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News from City, University of London

New funding for wind tunnel research

City to receive £700,000 from the Engineering and Physical Sciences Research Council and the UK Aerodynamics Centre as part of the National Wind Tunnel Facility.
by John Stevenson

City University London is among seven universities benefiting from equipment funding for the new National Wind Tunnel Facility (NWTF) which seeks to place the UK at the forefront of aerodynamics and fluid mechanics research.

The total funding for the Facility is £13.3 million, with £10.7 million coming from The Engineering and Physical Sciences Research Council (EPSRC) and £2.6 million from the UK Aerodynamics Centre. The NWTF, which was recently unveiled by Minister for Science and Universities, David Willetts, will include seventeen wind tunnels located at universities across the UK. Any UK institution requiring access to high-quality research facilities will be directed towards these wind tunnels.

nullThe equipment will also support in-house research conducted by Professors Chris Atkin and Mike Gaster and Dr Simon Prince (Senior Lecturer in Aeronautical Engineering), using the recently acquired Gaster low turbulence wind tunnel and the existing T5 high-speed wind tunnel. The Gaster wind tunnel is uniquely suited to the study of laminar-turbulent transition. The idea of a National Wind Tunnel Facility originated at City and Professor Atkin believes that it bodes well for City's continued presence in the aerospace sector:

"This award brings the total amount of UK government funding won by City in 2013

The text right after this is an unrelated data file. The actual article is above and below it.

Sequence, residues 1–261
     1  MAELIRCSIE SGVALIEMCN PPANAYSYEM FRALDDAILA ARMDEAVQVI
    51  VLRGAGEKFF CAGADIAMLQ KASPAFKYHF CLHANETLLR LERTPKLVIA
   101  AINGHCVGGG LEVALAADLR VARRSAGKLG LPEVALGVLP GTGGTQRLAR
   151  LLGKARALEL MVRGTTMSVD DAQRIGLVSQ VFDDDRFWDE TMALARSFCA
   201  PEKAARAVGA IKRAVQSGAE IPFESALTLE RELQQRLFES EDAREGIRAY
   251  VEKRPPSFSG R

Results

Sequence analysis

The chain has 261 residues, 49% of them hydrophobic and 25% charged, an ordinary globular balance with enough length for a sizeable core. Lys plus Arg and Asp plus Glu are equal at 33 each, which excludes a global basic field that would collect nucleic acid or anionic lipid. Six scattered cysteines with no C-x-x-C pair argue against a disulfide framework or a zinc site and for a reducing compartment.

for aerodynamics facilities, instrumentation and research, to £1.4M, with another £600,000 of research proposals at the evaluation stage. We plan to become a significant academic partner in the new UK Aerospace Technology Institute over the next seven years, against the backdrop of a further £1.7 billion of industry and government funding being made available to this strategically important industrial sector."

Professor Atkin adds:

"We are obviously quite pleased with this development which has bolstered our decision to invest in unique wind tunnel facilities at City. The idea of a collective national facility came out of City. It emerged from the research done over the last five years by Dr Simon Prince".

Dr Prince's analysis of UK aerodynamic test facilities led in part to the establishment of the UK Aerodynamics Centre, which will be of significant benefit to the entire UK aerospace research community.

The National Wind Tunnel Facility elevates City's research profile in the aerospace sector. The University joins an elite grouping of higher education institutions in the field, such as University of Oxford, University of Cambridge, Imperial College London, University of Southampton, University of Glasgow and Cranfield University.

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